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CHARLOTTE, N.C. (AP) — The Atlantic Coast Conference's Coastal Division hasn't had a repeat champion since 2011 and generally has a surprise team climb to the top of the standings.
Things likely won't change in 2017.
Five of the seven teams are breaking in a new starting quarterback, and it was unclear at the ACC's preseason media days which team is best positioned to take control of an unpredictable division that hasn't produced an ACC champion since Virginia Tech in 2010.
The Hokies — the last program to win consecutive Coastal crowns — were last year's champions and have 14 starters back from a 10-win team entering coach Justin Fuente's second season.
"You know, the ultimate number of wins and all that sort of stuff, I understand it's important and it is a measuring tool, but it's not the only one," Fuente said Friday. "My first year at Memphis, we had to use a different measuring tool to determine if we were improving. Each year is different. Each team is different. As we move forward, for us, it's all about focusing on the process and making sure we're giving ourselves a chance."
Miami, meanwhile, returns 16 starters for its second season under Mark Richt, including running back Mark Walton (1,117 yards, 14 touchdowns). But like the Hokies, the Hurricanes are among the crowded ranks of teams having to replace a starting quarterback after losing Brad Kaaya.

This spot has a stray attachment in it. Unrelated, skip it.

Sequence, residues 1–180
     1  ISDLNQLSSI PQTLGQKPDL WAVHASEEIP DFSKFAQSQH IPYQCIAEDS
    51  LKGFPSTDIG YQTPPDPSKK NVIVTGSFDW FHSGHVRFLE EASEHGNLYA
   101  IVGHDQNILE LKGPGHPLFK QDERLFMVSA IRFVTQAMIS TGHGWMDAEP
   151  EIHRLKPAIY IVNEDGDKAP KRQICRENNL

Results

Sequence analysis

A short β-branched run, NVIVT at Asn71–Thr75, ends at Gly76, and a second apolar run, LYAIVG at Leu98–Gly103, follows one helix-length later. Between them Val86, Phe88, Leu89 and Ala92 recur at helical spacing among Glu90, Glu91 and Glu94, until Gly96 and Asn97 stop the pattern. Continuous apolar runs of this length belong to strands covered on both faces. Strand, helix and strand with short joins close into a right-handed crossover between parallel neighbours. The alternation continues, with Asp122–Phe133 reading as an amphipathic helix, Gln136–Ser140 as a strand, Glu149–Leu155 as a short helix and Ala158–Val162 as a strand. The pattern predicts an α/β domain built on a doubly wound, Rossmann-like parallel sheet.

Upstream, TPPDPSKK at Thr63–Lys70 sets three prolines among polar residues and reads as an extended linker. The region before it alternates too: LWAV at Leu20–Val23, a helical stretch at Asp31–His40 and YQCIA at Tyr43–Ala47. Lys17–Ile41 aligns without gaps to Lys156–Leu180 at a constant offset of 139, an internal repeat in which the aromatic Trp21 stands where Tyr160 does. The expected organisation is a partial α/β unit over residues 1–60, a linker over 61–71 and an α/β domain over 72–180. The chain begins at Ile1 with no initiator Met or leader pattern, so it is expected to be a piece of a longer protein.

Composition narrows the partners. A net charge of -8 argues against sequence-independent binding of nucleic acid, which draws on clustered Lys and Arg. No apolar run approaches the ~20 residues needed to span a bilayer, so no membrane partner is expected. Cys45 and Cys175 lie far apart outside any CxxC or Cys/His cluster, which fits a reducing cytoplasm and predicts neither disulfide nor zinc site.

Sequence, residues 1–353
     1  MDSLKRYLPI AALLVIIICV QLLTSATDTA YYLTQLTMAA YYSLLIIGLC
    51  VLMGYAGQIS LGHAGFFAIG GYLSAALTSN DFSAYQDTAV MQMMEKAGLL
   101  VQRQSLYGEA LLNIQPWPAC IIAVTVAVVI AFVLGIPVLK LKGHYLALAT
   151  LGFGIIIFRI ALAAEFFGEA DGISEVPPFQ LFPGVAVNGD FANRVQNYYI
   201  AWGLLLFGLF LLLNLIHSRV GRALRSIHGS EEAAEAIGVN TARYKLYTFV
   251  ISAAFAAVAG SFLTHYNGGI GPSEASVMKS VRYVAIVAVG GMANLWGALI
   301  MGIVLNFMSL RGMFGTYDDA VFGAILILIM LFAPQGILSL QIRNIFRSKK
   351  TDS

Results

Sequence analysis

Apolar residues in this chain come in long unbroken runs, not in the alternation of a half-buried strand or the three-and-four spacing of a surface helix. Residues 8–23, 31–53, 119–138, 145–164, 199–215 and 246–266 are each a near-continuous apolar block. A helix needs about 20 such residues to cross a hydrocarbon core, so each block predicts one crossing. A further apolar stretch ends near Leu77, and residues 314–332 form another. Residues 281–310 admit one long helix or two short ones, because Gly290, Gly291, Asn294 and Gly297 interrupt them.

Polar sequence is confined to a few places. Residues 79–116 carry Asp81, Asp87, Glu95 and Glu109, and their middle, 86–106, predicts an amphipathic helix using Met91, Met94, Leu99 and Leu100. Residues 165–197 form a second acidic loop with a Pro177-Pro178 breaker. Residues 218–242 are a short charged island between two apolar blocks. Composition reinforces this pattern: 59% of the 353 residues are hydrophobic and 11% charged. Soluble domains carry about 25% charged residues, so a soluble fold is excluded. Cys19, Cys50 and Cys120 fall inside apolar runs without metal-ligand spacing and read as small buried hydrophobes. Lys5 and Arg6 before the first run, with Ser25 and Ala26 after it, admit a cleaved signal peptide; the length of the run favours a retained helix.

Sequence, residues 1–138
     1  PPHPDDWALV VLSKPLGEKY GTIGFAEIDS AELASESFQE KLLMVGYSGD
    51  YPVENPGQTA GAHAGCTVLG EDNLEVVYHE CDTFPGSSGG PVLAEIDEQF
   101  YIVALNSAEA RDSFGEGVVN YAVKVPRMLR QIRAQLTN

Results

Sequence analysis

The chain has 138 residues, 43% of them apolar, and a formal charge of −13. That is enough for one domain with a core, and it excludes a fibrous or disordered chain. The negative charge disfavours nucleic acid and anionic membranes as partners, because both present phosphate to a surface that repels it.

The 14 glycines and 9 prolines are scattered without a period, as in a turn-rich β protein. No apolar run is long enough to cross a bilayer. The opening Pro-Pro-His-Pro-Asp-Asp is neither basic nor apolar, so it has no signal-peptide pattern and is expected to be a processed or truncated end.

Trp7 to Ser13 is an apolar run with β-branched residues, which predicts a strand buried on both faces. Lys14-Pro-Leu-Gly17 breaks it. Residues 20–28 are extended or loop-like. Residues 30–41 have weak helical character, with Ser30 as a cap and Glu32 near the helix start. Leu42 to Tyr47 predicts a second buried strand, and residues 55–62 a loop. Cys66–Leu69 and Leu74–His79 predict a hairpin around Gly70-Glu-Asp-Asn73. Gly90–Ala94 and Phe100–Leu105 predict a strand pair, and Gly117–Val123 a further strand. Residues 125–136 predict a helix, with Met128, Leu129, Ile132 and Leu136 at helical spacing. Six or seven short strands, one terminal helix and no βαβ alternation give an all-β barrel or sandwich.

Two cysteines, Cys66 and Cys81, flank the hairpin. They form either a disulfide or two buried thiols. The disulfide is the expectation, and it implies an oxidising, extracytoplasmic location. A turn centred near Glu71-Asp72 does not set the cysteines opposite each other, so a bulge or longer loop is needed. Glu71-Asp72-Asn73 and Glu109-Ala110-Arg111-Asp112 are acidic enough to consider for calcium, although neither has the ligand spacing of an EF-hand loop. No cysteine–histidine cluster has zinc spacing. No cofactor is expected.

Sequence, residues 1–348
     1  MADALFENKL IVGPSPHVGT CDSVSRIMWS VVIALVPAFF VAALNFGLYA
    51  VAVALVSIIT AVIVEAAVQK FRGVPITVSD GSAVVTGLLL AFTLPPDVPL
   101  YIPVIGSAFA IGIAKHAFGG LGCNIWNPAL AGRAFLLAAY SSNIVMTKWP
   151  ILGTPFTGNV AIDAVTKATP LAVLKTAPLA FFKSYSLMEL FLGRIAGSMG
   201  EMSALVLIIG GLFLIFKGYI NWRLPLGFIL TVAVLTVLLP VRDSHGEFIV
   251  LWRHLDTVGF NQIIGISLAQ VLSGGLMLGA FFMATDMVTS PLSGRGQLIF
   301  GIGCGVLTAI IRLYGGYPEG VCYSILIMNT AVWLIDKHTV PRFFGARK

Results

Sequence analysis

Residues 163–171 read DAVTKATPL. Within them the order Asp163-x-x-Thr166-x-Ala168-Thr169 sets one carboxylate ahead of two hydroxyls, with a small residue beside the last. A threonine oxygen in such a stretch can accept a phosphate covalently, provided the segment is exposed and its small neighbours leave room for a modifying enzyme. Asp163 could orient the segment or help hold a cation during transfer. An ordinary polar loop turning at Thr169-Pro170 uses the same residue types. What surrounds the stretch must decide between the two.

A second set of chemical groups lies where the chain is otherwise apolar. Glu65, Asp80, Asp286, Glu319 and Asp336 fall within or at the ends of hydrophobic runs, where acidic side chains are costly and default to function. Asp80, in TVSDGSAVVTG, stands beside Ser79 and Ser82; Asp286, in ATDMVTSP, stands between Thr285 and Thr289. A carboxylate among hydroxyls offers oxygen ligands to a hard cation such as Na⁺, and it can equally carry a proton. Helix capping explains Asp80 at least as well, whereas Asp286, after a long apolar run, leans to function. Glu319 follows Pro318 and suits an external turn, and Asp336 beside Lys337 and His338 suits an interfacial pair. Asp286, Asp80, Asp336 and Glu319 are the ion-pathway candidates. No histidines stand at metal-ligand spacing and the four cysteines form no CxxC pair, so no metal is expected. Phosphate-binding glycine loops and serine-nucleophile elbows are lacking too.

"We understand how to do the little things right, and we understand how we want to go about our business," Richt said. "And the players, like I said, 80, 90 percent of them know exactly what we want to do and how we want to do it, so now it's a matter of them perfecting their trade. So it's a different feel for sure."
As for North Carolina, which won the Coastal in 2015 and finished tied for second last year, the Tar Heels will have significant personnel losses that include quarterback Mitch Trubisky — the No. 2 overall pick in the NFL draft — receivers Mack Hollins and Ryan Switzer, and top tailbacks Elijah Hood and T.J. Logan. That means the team's top strength under sixth-year coach Larry Fedora — a fast-paced and high-scoring offense that could cover for defensive weaknesses — could be in for a struggle.
"In all my years, I think it's around 18 years of running this offense, I've never experienced this," Fedora said. "It's a little bit of an unknown for me. ... I think there's a lot of guys that you may recognize their name from recruiting, but you've never seen them on the field. It's time for them to step up. It's time for them. It's their opportunity to become a household name."
The league will release the preseason league favorites and predicted order of finish along with all-conference picks next week.